[icinga-users] notification command configuration

Michael Friedrich michael.friedrich at gmail.com
Wed Feb 6 21:59:12 CET 2013


On 06.02.2013 21:11, Simon Oosthoek wrote:
> The documentation is quite "dry" w.r.t. this...

As usual, there are different opinions, and it's best to discuss 
anyways. In smaller setups this does not really matter, but it has been 
identified in various larger setups to cause problems you would normally 
never catch.

Since many users do not even ask themselves about the notification 
command itsself, but rather use the default (or the enhanced edition 
provided in notifications.cfg - seems noone uses that one...) and in 
that case, environment macros are just a waste of time, cpu and memory.

For the code related parts - check base/utils.c:set_environment_var as 
well as referenced in common/macros.c: set_macro_environment_var

You may recognize, that large_installation_tweaks will skip the summary 
macros, as they can be huge and cause problems.

Back in base/utils.c:my_system_r->set_all_macro_environment_vars_r -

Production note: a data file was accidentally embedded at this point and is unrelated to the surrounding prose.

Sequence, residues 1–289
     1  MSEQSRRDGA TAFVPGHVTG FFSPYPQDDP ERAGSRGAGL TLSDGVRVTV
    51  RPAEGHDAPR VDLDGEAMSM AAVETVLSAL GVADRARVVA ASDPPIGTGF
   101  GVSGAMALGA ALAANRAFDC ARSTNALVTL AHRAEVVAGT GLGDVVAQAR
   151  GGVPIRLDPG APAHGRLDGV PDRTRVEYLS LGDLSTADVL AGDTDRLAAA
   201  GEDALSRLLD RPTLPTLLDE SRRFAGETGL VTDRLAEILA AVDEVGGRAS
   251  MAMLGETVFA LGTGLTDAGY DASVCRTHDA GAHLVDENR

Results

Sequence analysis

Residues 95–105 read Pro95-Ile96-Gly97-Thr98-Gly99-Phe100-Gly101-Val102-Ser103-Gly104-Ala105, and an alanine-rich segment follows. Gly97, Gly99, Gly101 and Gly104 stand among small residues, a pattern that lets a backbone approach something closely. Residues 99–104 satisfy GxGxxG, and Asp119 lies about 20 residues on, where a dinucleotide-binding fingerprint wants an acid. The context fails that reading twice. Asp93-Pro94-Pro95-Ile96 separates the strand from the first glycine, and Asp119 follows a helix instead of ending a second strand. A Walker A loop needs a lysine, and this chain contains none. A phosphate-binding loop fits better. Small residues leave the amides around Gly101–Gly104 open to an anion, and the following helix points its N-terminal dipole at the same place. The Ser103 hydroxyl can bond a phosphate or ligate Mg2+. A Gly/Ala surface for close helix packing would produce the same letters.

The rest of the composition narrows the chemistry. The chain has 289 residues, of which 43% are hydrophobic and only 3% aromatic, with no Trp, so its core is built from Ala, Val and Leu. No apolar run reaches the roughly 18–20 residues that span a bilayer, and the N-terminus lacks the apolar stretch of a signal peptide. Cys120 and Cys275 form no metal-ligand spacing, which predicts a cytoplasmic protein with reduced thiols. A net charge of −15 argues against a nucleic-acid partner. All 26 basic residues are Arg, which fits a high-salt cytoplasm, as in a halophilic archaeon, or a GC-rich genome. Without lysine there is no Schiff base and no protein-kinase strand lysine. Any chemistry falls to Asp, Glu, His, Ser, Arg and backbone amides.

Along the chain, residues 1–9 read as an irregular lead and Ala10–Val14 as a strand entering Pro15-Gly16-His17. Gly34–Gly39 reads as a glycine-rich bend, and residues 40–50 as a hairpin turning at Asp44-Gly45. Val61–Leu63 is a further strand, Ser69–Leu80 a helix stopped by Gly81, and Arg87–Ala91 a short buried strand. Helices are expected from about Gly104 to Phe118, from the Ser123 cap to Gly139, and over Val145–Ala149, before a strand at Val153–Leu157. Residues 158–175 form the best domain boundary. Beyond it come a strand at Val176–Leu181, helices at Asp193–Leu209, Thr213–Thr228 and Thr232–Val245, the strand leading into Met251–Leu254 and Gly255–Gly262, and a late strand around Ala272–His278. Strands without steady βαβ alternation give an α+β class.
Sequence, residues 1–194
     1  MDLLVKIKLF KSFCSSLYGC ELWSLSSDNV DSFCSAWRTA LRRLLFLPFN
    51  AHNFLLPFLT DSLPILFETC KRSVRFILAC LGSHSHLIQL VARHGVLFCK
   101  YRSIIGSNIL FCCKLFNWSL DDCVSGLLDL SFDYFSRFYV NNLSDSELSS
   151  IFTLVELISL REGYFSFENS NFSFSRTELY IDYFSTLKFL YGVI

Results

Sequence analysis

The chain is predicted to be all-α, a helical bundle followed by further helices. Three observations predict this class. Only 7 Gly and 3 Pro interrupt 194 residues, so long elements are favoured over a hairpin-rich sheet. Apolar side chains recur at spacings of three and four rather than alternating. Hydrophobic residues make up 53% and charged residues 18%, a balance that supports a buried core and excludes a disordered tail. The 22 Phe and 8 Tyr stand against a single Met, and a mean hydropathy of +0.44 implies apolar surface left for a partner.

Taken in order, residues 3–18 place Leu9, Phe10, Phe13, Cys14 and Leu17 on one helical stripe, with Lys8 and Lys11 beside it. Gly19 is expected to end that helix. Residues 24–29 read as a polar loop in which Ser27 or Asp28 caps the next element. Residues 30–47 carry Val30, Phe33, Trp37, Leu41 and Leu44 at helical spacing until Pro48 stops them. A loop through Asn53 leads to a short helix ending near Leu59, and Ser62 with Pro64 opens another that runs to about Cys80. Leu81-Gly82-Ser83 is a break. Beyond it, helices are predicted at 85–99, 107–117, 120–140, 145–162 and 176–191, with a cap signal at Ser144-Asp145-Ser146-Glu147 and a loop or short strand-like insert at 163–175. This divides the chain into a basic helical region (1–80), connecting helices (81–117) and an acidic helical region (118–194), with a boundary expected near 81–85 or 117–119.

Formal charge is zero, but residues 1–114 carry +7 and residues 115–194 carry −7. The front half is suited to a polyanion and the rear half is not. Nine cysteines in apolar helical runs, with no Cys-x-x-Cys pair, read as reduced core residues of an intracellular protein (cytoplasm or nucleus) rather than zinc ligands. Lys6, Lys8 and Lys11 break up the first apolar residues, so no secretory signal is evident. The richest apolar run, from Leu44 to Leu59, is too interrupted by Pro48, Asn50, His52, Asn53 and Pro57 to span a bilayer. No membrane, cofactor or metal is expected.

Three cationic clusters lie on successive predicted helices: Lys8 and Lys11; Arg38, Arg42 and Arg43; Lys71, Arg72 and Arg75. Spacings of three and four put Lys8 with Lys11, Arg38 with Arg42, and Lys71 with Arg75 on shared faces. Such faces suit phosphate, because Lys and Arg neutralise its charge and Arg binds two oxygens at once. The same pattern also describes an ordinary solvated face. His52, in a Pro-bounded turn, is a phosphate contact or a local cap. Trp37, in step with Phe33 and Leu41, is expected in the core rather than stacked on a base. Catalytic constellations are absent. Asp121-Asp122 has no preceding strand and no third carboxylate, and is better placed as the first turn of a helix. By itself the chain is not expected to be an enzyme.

used for all eventhandlers, notifications, perfdata commands and sync 
checks, while in 
base/checks.c:run_async_host_check_3x|run_async_service_check->set_all_macro_environment_vars_r 
the calculation of the environment macros happens just before a 
host/service check is actually executed.
Using large_installation_tweaks, you can skip the memory free'ing and 
leave the child cleanup to the kernel (still not good for your ps output).

Basically you'll get the idea - if environment macros are enabled, they 
are used for everything, and are required to be computed ondemand (for 
the host/service related to the check/notification/eventhandler/perfdata 
command). If you just decide to enable those for notifications and their 
simplicity, keep in mind that this affects everything else then.

Some might say - env macros may obfuscate your command line call to 
plugins in order to remove sensitive information like passwords and so 
on (check_oracle_health e.g.) but there are still other methods to 
achieve that as well (i.e. creating a readonly trusted users with only 
the permission to call something from address something - highly depends 
on company's policy).

95% of the users don't need them, so they are disabled by default.

Kind regards,
Michael




-- 
DI (FH) Michael Friedrich

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